I talked and reflected until words started becoming nonsensical — Seussian or Learian or Carollian — and then I made two terrifying phone calls. And so. In the fall, I’ll begin a position as Assistant Professor of English in New England — a huge change, but a choice I feel great about.

Phew. I am leaving Houston, people. LEAVING HOUSTON. For a JOB. Whoa. I better start eating some serious Tex-Mex, and fast.

After my two offers but before my two phone calls, however, Danny’s dad, Bert, died very suddenly. Anyone who has met Bert knows what a huge life force he was, and it is still impossible to imagine him gone. I drove Danny to the airport, our conversation wavering a little drunkenly between job one and his family, job two and his last visit with his dad, job one again but maybe job two and how is his brother dealing with this? Total excitement and total confusion and total grief.

Things are finally starting to settle down, though there is still this strange vibration throughout the apartment. Sometimes it’s difficult to disarticulate the joy and excitement from the vestiges of confusion and the sadness that will certainly be sticking around for awhile. And they weave together, the warp and woof of this what’s happening next for us.

Bob emailed me an appropriate Dickensian quote: Joe Gargery in Great Expectations recognizing that “life is ever so many partings welded together.”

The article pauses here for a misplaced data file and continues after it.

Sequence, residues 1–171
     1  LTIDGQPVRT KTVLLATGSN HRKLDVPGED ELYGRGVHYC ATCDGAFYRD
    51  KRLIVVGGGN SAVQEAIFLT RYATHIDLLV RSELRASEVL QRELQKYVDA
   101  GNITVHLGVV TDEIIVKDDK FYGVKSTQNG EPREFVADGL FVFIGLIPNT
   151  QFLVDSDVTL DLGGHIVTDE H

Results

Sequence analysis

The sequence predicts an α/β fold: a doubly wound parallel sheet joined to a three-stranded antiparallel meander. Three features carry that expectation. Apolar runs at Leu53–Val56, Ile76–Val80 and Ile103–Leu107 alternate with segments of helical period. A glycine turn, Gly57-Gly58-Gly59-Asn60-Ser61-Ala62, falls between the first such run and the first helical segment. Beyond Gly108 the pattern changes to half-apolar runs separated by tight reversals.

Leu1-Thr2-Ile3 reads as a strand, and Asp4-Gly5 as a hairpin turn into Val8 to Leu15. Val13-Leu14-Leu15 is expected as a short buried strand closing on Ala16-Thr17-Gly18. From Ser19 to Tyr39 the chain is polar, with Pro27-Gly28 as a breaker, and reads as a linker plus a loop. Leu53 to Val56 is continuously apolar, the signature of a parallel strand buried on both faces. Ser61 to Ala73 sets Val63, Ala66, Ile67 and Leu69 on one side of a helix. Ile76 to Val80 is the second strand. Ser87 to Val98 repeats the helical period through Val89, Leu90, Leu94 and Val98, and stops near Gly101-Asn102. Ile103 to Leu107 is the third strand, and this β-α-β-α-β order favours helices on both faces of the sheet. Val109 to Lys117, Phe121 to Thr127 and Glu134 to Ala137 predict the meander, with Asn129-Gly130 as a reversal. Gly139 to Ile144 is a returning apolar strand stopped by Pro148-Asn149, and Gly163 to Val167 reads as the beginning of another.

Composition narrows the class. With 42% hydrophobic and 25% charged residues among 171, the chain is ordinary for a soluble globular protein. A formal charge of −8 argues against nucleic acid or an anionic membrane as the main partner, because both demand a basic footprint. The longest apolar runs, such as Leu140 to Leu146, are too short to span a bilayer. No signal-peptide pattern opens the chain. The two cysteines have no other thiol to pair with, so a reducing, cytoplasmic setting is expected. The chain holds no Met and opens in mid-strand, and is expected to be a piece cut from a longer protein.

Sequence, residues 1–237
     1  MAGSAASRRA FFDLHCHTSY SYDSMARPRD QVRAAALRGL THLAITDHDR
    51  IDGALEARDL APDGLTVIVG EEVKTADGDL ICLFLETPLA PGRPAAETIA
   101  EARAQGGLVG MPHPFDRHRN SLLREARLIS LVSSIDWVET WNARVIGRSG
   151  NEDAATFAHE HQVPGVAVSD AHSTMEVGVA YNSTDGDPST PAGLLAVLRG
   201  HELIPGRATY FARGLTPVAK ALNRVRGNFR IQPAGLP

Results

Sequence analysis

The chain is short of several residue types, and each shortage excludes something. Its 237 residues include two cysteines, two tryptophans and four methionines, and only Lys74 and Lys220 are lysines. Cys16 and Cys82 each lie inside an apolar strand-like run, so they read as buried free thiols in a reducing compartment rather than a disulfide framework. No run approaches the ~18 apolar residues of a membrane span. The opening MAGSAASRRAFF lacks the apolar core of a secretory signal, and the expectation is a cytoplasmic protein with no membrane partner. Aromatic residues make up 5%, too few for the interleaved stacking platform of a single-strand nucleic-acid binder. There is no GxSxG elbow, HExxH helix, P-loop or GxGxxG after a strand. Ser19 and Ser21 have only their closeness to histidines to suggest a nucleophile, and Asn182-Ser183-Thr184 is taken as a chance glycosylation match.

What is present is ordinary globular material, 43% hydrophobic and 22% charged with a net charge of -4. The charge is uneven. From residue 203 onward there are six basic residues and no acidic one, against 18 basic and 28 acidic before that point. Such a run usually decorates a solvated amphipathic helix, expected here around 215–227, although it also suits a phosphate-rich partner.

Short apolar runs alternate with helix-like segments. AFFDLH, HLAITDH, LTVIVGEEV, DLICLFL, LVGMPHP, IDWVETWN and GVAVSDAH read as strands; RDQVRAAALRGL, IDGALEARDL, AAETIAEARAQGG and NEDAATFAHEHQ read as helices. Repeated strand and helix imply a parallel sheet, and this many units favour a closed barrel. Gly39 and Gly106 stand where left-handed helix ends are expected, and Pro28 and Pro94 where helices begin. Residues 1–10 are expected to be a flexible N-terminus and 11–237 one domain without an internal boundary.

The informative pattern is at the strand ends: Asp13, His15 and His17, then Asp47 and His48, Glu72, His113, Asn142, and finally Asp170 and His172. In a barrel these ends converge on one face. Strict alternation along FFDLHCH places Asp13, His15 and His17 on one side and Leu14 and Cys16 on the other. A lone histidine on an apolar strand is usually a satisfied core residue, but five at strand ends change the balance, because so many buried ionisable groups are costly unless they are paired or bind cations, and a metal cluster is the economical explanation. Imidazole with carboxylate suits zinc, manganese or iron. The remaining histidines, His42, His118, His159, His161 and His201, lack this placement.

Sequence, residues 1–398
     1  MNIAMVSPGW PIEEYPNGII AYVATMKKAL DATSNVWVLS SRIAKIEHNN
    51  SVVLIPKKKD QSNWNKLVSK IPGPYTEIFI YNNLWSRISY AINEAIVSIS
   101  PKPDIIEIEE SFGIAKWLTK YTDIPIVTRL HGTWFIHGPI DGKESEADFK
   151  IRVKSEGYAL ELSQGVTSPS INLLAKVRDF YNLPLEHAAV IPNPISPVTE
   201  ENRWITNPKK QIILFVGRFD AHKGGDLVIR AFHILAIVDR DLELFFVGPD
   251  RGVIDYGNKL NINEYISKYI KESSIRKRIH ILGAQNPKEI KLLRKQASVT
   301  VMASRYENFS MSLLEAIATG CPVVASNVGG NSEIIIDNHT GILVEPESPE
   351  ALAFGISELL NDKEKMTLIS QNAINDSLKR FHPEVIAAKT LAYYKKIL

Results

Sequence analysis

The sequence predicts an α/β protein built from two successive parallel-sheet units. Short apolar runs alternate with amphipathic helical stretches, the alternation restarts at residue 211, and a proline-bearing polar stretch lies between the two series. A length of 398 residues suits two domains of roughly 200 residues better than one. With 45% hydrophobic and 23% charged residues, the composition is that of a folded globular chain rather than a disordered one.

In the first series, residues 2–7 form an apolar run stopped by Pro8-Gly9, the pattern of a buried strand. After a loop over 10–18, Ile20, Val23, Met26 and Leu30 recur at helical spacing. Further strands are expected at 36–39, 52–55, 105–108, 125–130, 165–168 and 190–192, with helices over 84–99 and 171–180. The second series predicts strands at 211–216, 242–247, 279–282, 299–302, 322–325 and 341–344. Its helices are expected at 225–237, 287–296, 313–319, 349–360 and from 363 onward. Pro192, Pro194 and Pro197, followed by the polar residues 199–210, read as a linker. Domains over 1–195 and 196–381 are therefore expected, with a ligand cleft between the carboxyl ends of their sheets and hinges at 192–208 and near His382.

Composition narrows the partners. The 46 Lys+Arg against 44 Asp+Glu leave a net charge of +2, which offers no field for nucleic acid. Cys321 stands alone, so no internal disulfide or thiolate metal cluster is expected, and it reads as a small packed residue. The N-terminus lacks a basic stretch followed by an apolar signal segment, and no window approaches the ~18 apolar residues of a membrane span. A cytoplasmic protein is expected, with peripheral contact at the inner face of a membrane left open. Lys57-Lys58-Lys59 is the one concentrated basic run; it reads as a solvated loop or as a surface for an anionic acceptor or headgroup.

And then there’s Paulo Coelho: “Life has many ways of testing a person’s will, either by having nothing happen at all or by having everything happen at once.”

Preach, Paulo.

my house was made of straw

Hello again, dear carrots readers! I apologize for my absence. I blame the perils of academia. It’s been a stressful month, but now I’m back and ready to pro-blog-stinate. Or procrasti-blog? I’ll have to consult my Lewis Carroll portmanteau dictionary.


At six or seven, I tapped to a stirring rendition of “Who’s Afraid of the Big Bad Wolf?” See exhibit A: an early dance portrait. It was a bittersweet experience. The satin bows on my patent leather tap shoes were glorious. The costume involved gratuitous sequins. But I had not scored the solo at the end of the number: a brief moment in which a carefully selected young girl pig screeched in terror as a wolf hefted her onto his shoulder and ran off-stage. The wolf in question was an employee of the dance studio in a musty suit that read more dog than wolf, and the whole scenario was a little too redolent of abduction. But I was still crestfallen when my dance teacher chose Julia instead of me. My squeal, apparently, was not convincingly porcine. I should have tried method acting.